Nov 13, 2017

Walmart is raising prices online to draw shoppers to stores

A shopper walks with a store associate at a Walmart in Teterboro, N.J. Photo: Julio Cortez / AP

Walmart is experimenting with a new pricing system that is sometimes resulting in higher prices for goods sold online, the Wall Street Journal reports. "It simply costs less to sell some items in stores. Customers can access those store prices online when they choose to pick up the item in store," a Walmart spokesperson told the Journal.

Why it matters: Walmart is walking a tightrope, trying to protect sales at its highly profitable brick-and-mortar locations while expanding its online footprint. While the firm has greatly increased e-commerce sales in recent quarters, it has come at the cost of shrinking profit margins.

Why it's risky: Even as Walmart expands its online business, its growth lags behind Amazon. eMarketer estimates that Amazon will account for 43.5% of U.S. online sales this year, compared with 38.1% last year, while Walmart's share will grow to 3.6%, from 2.8% in 2016.

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Sign of the times: A pro-Warren super PAC

Democratic presidential candidate Sen. Elizabeth Warren at a rally in Nevada. Photo: Alex Wong/Getty Images

A group of women progressives who back Sen. Elizabeth Warren has formed Persist PAC, a super PAC airing pro-Warren ads starting Wednesday in an effort to boost her performance ahead of Saturday's crucial Nevada caucuses, a spokesman told Axios.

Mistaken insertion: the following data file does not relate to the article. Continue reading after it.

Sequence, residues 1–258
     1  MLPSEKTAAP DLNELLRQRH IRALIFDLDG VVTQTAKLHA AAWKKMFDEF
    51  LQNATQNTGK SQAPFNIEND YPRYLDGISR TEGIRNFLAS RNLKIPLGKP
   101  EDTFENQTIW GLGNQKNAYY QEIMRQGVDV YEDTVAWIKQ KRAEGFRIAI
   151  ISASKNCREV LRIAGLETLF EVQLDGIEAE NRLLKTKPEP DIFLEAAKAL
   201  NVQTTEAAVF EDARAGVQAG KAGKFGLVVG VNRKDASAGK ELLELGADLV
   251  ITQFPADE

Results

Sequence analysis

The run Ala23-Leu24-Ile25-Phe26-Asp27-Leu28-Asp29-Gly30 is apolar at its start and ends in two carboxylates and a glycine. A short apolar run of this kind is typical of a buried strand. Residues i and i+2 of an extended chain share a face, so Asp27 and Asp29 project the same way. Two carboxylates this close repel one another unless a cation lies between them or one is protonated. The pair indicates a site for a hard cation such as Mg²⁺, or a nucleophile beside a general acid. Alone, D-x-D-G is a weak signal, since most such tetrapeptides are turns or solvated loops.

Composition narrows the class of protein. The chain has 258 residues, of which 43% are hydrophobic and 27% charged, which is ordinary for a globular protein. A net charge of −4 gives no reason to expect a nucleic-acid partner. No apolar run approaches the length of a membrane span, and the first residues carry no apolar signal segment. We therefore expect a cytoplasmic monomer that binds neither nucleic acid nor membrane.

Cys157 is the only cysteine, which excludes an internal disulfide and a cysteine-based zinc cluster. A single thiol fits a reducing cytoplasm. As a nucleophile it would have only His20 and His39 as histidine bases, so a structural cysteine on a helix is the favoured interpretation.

Why it matters: Warren has spoken adamantly against the influence of unlimited spending and dark money in politics. But these supporters have concluded that before Warren can reform the system, she must win under the rules that exist — and that whether she likes it or not, their uncoordinated help may be needed to keep her viable through this weekend's contest and into South Carolina and Super Tuesday.

Go deeperArrowUpdated 1 hour ago - Politics & Policy

Pentagon policy chief resigns amid reported discord with Trump

John Rood. Photo: Mark Wilson/Getty Images

John Rood, the Pentagon's top policy official, will resign from his post at the end of the month, CNN first reported and President Trump confirmed.

The state of play: CNN said Rood "was perceived as not embracing some of the changes in policy the White House and senior Pentagon officials wanted," such as peace talks in Afghanistan with the Taliban and a decision to cut back on military exercises with South Korea as the president courted North Korea's Kim Jong-un.

Coronavirus cases rise, as warnings of global pandemic grow

Data: The Center for Systems Science and Engineering at Johns Hopkins, the CDC, and China's NHC; Note: China refers to mainland China and the Diamond Princess is the cruise ship offshore Yokohama, Japan. Map: Danielle Alberti/Axios

We may be "at the brink" of a global pandemic, warns a top U.S. public health official, as cases continue to spread despite containment efforts. Meanwhile, the global economy is being affected, including the tech manufacturing industry.

The big picture: COVID-19 has now killed more than 2,000 people and infected over 75,000 others, mostly in mainland China, where the National Health Commission announced 136 new deaths since Tuesday.

Go deeperArrowUpdated 2 hours ago - Health